The convergence of net zero ambitions, evolving digital and industrial technologies as well as changing consumer awareness is driving the emergence of new digital opportunities within the energy system.
The World Economic Forum (WEF) estimates the potential for digital transformation to unlock US$1.3 trillion of value for the global electricity sector alone.
Australia’s energy suppliers are among global trailblazers when it comes to digitising toward net zero ambitions. Publicis Sapient’s ‘Next Stop: Net Zero’ survey identified clear intent from Australian energy suppliers to use digital business transformation to drive net zero outcomes.
70% of Australian energy suppliers are actively engaged in implementing digital transformation strategies intended to help achieve net zero goals – well above the global average of 50% of energy suppliers. 88% of Australian respondents also expressed that the net zero agenda presented them with an opportunity to transform their business more broadly.
While other global markets are still at a stage of defining value pools, Australia is a step ahead with a focus on forming strategic responses and actions. What is the target business model? What’s the investment plan? What’s the actual implementation plan?
In the medium term there is an opportunity for Australian energy businesses and their investors to leverage recent Australian energy transition experiences as well as the lessons learnt from these journeys, to explore value pools globally.
Evolving customer expectations
Australia’s exposure to the destructive effects of climate change is driving increased government, consumer and shareholder visibility of the impacts of climate risk and the need for net zero focus relative to other jurisdictions.
Customers increasingly demand that energy companies are supportive of net zero efforts. 78% of Australian energy suppliers surveyed cited increased pressure from customers to become more environmentally sustainable as a key challenge during the last five years – the highest rate across all regions surveyed.
Meanwhile, the diversity and complexity of customer needs across the energy supply chain are evolving as the energy system also evolves. Changes can range from an increased volume of participation-related enquiries, the increasing burden of renewable generation and alternative consumption model-related connection requests and complexity further upstream as well as novel market behaviour underpinned by business model innovation throughout the system.
Strong Australian adoption of renewables over the last few decades has cultivated the underlying conditions for experimentation that other regions are yet to achieve. The next stage will be about orchestration and how digital can enable visibility and control of the underlying pieces to drive value.
One of the key challenges will be around standardisation and interoperability although it’s harder to agree on some of these aspects when people and organisations have invested in products and processes, which may mean that determinations in this space will create winners and losers.
The rise of digital energy challengers
Australian energy suppliers are more concerned than global peers about increased competition from ‘digital native’ challengers and how they should respond. 44% of Australian respondents expressed that the challengers were an extremely influential motivator in driving their corporate digital transformation agenda (compared to an average of 28% across other regions).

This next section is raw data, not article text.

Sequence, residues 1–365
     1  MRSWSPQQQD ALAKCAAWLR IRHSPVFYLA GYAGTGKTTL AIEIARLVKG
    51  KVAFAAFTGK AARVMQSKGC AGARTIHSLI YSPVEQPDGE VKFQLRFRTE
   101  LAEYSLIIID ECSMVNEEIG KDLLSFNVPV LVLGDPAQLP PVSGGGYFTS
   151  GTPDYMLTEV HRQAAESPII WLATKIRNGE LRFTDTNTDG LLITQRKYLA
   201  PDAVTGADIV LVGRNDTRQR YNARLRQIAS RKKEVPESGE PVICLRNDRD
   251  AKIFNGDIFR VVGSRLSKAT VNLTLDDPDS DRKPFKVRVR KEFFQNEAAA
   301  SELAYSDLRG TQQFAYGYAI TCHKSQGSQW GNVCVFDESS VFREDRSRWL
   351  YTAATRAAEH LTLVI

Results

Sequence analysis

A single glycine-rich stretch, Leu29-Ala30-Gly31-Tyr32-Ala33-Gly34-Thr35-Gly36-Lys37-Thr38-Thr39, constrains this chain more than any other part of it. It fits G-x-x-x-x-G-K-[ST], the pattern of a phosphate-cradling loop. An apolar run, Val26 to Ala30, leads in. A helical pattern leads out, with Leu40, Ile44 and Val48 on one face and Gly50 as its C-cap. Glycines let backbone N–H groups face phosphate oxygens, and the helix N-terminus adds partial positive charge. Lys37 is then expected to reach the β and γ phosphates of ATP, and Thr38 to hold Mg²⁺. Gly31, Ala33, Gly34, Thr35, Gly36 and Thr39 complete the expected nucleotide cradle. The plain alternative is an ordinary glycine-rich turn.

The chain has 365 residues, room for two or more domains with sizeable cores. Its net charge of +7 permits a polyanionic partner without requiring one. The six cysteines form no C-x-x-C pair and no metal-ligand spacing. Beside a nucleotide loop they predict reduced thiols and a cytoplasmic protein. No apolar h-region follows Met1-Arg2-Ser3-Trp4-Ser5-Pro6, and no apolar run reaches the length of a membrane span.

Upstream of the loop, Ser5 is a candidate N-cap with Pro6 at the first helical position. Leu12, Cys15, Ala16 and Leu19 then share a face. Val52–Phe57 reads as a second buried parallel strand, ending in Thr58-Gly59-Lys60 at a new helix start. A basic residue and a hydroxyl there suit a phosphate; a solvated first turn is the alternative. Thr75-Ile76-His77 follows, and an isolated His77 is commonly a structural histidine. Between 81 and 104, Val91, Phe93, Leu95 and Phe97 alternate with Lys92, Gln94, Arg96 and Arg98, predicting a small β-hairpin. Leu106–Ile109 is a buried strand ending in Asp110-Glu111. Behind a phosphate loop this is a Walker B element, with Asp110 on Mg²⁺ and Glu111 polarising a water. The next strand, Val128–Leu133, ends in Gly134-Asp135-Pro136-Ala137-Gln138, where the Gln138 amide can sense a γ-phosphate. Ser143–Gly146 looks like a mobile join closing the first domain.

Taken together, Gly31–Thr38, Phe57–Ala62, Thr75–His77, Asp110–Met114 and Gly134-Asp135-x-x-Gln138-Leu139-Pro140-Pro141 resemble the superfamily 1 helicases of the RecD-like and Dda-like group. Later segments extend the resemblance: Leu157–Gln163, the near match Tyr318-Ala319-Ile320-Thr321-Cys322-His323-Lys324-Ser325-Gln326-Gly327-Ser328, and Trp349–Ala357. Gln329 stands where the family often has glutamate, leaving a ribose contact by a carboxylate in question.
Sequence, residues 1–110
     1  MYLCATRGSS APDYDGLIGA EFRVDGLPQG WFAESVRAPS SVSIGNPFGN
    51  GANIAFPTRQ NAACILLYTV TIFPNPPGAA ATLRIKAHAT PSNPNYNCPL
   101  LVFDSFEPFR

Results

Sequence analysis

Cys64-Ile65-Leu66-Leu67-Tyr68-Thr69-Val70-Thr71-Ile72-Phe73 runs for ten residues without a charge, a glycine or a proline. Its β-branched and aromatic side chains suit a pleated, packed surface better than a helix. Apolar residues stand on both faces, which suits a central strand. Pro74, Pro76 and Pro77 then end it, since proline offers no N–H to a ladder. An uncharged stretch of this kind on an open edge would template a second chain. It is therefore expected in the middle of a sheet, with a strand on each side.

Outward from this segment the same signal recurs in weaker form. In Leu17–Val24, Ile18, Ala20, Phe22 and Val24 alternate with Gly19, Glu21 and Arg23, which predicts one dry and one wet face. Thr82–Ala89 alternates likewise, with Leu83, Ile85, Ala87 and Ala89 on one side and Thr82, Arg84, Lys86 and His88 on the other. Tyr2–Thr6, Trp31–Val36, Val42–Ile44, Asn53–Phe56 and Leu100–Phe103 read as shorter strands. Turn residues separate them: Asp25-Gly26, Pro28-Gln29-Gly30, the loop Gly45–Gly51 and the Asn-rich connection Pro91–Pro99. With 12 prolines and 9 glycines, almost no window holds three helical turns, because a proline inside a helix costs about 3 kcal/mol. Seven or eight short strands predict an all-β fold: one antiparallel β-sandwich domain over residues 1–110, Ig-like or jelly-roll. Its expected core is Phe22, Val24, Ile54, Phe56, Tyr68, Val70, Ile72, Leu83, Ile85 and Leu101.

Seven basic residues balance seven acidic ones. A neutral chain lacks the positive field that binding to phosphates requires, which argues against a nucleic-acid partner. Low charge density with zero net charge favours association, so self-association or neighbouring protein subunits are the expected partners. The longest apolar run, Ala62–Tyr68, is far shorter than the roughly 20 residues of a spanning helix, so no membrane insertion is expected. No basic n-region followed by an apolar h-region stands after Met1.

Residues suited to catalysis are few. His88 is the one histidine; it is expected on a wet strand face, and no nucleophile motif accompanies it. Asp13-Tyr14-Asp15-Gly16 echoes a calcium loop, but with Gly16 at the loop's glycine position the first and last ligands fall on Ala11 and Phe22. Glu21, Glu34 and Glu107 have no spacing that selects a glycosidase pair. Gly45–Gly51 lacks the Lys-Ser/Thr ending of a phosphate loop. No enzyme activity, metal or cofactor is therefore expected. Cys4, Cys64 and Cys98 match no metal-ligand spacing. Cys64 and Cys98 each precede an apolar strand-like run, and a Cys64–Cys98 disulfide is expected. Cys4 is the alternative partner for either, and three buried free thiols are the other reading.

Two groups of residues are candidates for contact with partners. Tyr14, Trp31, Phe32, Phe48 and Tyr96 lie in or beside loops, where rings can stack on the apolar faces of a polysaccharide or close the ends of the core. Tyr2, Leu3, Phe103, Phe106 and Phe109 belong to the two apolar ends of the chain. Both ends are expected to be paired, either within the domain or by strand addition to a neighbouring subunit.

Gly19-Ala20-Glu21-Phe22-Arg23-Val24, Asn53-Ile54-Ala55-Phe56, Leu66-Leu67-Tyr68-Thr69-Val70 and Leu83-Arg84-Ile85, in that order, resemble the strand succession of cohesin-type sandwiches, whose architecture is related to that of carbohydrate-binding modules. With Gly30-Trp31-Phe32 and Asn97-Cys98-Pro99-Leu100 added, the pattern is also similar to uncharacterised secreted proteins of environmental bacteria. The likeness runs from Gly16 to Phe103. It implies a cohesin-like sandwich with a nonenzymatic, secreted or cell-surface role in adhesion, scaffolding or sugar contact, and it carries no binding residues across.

Australia has a highly supportive environment for digital energy challengers. Relative to other parts of the world, there is strong central focus, consumer appetite and supportive technological and environmental conditions for new challengers wanting to offer digital energy business and market models in Australia.
The government has been integral in driving change with targeted support to the start-ups and SME segments to increase the rate of innovation and competitive tension in the market. Incumbent businesses are compelled to think through and action competitive responses to retain value and relevance as challengers rapidly approach and consume new value pools.
With clear and decisive action, incumbents are well placed to benefit from a once-in-a-generation capture of value pools given their strong market position, existing brand value, operational experience, regulatory influence and capital, and the readiness of the Australian market, while challengers have access to unprecedented opportunities to scale.
The net zero mission has become a powerful mantra for driving digital transformation strategies, providing an opportunity for energy suppliers to transform themselves from the inside out.
If energy suppliers are to realise their net zero ambitions, a significant re-evaluation of their digital strategies needs to take place. This includes forging new partnerships across ecosystems, achieving a deep understanding of customer data, and instilling a culture of innovation. Culture must be instilled from the top down: if management is not on board with the organisation’s digital transformation agenda, it will become impossible to sustain.
By David Leung, Senior Manager Strategy & Consulting at digital transformation consultancy Publicis Sapient
This article was first published by Consultancy.com.au